- Friday, March 9, 2018, 7:00pm - 7:00pm
Lois Weber (1879-1939) was the most celebrated woman director, screenwriter, and producer in Hollywood during the silent era. Known for progressive social dramas like Where Are My Children? (Weber and Phillips Smalley, 1916), Shoes (Weber and Phillips Smalley, 1916), and The Blot (Weber, 1921), Weber believed that films were "living newspapers" that could reflect on contemporary debates about the living conditions of the working class, contraception, and women's place in the institution of marriage, among others. More consistently than the films of her peers D.W. Griffith and Cecil B. DeMille, Weber's work demonstrates the power of cinema to bring social change through engaging and provocative stories, powerful mise-en-scène, and complex female characters. "I think the young women of this country today want to be individuals and have freedom of thought and action," Weber once said. "They have brains and character. That is the kind of girl I am going to show in my story."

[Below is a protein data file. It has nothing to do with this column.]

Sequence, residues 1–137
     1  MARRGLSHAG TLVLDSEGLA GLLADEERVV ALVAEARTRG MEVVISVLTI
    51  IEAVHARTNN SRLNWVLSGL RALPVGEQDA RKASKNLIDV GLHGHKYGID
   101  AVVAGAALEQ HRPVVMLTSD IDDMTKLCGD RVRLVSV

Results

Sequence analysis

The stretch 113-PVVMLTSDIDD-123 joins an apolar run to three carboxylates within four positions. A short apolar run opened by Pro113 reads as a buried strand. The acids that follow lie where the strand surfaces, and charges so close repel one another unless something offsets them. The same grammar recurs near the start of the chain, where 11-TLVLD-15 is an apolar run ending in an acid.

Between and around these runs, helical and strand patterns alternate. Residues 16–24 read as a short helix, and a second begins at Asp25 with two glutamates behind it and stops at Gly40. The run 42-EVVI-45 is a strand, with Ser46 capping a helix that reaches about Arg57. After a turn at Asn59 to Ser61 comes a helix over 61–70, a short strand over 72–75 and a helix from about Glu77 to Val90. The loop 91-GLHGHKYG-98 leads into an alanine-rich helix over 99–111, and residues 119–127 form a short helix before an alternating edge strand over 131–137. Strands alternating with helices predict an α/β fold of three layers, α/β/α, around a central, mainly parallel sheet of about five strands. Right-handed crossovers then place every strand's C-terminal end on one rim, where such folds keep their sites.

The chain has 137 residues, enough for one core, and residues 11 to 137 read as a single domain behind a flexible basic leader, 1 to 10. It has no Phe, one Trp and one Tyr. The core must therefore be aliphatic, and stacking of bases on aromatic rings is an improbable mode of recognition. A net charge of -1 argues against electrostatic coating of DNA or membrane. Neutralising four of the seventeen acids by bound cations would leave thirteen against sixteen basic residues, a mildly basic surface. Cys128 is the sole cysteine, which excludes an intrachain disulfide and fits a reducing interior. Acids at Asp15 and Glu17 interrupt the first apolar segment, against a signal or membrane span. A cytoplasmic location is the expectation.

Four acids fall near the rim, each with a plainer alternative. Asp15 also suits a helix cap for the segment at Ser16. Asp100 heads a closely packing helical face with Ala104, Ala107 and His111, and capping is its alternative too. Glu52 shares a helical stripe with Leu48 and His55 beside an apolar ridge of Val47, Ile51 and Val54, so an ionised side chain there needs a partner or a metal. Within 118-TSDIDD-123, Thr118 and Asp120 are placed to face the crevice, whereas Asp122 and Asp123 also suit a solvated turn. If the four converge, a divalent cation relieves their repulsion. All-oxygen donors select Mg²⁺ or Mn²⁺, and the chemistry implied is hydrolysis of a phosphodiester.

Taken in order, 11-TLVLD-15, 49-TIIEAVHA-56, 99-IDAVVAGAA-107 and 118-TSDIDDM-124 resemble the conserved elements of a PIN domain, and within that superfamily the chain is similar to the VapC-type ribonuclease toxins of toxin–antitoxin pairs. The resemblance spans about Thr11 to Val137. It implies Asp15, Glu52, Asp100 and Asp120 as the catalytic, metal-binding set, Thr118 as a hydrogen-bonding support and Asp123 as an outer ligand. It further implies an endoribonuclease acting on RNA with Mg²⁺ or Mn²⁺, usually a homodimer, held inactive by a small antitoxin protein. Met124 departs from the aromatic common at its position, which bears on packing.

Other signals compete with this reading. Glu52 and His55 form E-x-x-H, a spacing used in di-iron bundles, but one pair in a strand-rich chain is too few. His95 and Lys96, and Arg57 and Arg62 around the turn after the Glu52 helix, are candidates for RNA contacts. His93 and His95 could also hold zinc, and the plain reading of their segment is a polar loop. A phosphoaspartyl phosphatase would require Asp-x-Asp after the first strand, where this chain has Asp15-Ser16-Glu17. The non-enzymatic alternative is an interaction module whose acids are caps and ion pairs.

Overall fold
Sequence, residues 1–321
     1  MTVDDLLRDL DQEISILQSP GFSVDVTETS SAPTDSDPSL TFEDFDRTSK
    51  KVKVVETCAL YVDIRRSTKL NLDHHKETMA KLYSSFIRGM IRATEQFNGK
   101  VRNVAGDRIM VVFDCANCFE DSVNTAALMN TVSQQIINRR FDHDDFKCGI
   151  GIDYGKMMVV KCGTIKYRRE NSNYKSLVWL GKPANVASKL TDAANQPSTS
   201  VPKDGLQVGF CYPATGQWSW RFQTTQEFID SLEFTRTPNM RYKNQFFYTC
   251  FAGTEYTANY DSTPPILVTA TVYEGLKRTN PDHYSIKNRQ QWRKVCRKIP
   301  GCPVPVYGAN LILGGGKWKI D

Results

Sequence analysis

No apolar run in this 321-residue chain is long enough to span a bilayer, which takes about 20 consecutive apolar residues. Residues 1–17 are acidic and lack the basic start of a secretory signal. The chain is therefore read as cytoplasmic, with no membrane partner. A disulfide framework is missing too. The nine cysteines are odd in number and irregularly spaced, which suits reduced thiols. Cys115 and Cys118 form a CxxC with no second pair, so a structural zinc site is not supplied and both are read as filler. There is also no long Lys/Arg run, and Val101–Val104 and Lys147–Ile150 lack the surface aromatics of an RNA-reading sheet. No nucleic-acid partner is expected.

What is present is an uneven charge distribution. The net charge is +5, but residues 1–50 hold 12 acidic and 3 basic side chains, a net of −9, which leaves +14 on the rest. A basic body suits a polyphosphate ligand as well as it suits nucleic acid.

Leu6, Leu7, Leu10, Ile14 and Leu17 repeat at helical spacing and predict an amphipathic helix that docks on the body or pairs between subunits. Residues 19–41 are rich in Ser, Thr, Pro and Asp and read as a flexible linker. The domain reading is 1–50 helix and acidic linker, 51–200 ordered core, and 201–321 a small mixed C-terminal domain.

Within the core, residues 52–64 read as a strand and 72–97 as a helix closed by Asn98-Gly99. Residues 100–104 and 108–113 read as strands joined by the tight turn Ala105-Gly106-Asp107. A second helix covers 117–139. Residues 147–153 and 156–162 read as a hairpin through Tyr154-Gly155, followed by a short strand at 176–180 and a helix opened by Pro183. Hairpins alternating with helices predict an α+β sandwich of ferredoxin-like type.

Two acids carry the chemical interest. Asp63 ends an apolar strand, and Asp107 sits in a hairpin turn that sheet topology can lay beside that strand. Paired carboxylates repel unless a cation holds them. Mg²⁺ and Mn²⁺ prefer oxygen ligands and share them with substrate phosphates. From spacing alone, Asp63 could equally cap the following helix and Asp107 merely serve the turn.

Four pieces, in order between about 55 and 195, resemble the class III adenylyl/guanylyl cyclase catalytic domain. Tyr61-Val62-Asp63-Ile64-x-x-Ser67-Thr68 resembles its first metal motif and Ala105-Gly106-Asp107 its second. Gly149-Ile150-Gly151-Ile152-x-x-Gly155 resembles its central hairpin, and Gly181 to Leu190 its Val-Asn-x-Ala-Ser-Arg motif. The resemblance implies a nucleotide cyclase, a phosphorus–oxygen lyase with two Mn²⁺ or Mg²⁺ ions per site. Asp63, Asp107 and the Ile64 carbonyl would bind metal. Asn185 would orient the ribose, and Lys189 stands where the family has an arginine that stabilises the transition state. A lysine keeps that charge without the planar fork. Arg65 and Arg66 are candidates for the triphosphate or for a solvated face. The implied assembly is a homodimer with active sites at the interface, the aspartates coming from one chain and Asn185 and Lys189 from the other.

Scandal Mongers (1915/1918) looks at the damaging effects of gossip as a stenographer and her boss are embroiled in a salacious media frenzy, and Sensation Seekers (1927) follows a scandal-prone socialite as she alternates between dancing the night away in sleazy speakeasies and seeking redemption in the church.
(Lois Weber, 1915/18 & 1927, 110 min., DCP, courtesy of the Library of Congress)
Curated by Aurore Spiers (CMS) as part of the Film Studies Center's Graduate Student Curatorial Program.
Pianist and composer David Drazin is a music and motion picture archivist who has acquired a national reputation for his piano improvisations accompanying silent films. Drazin received his Bachelor of Music in Jazz Studies from Ohio State University. An accomplished performer, he moves easily from dramatic classical to lively jazz styles, boogie-woogie and blues, original novelty works, and Harlem stride piano.